Hey everyone! I’m finally getting things in order after the YAmazing Race with MGnificent prizes! And this week, helping to get us all back into the groove of things with an all new guest post, is Joanne Levy , author of the absolutely adorable SMALL MEDIUM AT LARGE. Here’s a little more about her debut:
After she’s hit by lightning at a wedding, twelve-year-old Lilah Bloom develops a new talent: she hears dead people. Among them, there’s her over-opinionated bubby Dora; a comically prissy fashion designer; and an approval-seeking clown who livens up a seance. With Bubby Dora leading the way, these and other sweetly imperfect ghosts haunt Lilah through seventh grade, and help her face her one fear: talking to and possibly going to the seventh-grade dance with her big crush, Andrew Finkel.
Ooh! Spooky. If there’s one thing I love, it’s a good ghost in my story. And now for Joanne, and a little more about her favorite female characters!
Hi Ellie! Thanks so much for having me here at your blog today. I love the sound of ZIP (and that cover is lovely) and can’t wait to get myself a copy in September!
Now, down to business. When people ask me about my favorite female characters, my mind immediately goes to Anne Shirley from Anne of Green Gables. Not only is she Canadian (like me) and does she have red hair (like me) but she’s also adopted (like me) and gets herself into a lot of scrapes and funny situations, because she’s an independent thinker who sometimes doesn’t think things through (this is not like me AT ALL—I never make stupid impulsive decisions EVER!) which makes her a flawed but amazing character that everyone (not just Canadian adopted redheads) can relate to. If you or your readers are interested, I wrote a post at The Debutante Ball about my great love for Anne, and how she is so relatable, but here I’m going to talk about how she influenced my writing.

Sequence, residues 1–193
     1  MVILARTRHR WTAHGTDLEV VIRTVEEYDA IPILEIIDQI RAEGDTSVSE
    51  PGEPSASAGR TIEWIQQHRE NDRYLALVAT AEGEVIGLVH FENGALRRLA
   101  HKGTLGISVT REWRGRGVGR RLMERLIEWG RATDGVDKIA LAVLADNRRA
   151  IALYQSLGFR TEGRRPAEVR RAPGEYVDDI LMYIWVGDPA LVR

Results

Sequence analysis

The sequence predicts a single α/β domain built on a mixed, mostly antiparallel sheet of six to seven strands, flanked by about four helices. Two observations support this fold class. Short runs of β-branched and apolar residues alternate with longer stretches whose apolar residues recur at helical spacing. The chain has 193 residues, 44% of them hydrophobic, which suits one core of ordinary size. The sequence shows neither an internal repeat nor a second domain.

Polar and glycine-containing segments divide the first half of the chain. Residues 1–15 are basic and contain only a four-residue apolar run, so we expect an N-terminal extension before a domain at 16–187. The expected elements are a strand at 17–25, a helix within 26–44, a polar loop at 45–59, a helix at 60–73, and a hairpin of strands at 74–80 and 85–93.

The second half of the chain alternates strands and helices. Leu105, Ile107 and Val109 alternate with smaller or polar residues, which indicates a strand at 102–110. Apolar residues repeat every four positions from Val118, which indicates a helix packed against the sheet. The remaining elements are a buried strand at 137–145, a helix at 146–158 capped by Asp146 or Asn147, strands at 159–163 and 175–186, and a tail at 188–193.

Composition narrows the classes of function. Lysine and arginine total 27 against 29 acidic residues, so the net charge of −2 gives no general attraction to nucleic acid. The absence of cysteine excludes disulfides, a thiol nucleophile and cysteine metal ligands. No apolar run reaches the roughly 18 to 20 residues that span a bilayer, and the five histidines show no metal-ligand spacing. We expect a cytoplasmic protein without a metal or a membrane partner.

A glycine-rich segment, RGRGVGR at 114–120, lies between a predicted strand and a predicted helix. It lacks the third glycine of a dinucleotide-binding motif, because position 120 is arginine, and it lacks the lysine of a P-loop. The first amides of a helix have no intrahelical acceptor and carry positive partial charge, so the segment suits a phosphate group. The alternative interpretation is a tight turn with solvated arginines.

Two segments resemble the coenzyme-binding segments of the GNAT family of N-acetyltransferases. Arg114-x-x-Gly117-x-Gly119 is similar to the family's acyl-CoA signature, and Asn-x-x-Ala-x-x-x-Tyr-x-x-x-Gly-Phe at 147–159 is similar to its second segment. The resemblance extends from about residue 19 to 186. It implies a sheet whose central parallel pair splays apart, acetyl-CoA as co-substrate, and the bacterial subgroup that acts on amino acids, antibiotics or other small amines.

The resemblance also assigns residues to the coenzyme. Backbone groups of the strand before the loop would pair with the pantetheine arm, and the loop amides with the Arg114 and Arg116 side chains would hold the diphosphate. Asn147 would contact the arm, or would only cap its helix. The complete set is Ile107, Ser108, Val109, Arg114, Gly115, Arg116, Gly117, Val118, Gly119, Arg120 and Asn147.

First things first: Anne didn’t take any crap from anyone. Not from Gilbert Blythe (who really only teased her because she caught his eye) and not from the world at large. In a time when girls only wore dresses, basic education wasn’t always guaranteed and higher education for women was rare, Anne thrived and was always looking to better herself. She never would have settled, just because she was a girl. If anything, she worked even harder to prove herself to be as good (or, as the case often was, better) than anyone else, girl or boy.
Anne never let typical gender roles stop her from anything. Ever. Now, this isn’t a post about feminism, but the way things were when Anne lived, meant a lot of what she did would have been frowned upon because of how people viewed the roles of women. But the way Anne fearlessly lived her life and never let anything (except maybe herself) get in her way, has always been an inspiration to me. I don’t see myself as a girl, per se, but as a person who navigates her way through life using her brain and the tools she was given—and this is how I write my characters.
When I look at my main character, Lilah, from SMALL MEDIUM AT LARGE, I see she is a strong, capable girl; she wantsto be a drummer in a band and helps out some ghosts when they come to her for assistance with their unfinished business and even saves the eighth-grade fashion show from being a total disaster. Sure, she makes mistakes sometimes, but that’s how life is, especially when you’re twelve and are learning who you are and how you fit in your own skin. But Lilah always stands up for herself and uses her brain to solve her problems. And even if she fails, she tries again and never lets anyone tell her she can’t do something, because she knows better.
That’s how Anne Shirley lived her life, how I try to live mine, and that’s how I want my characters to as well.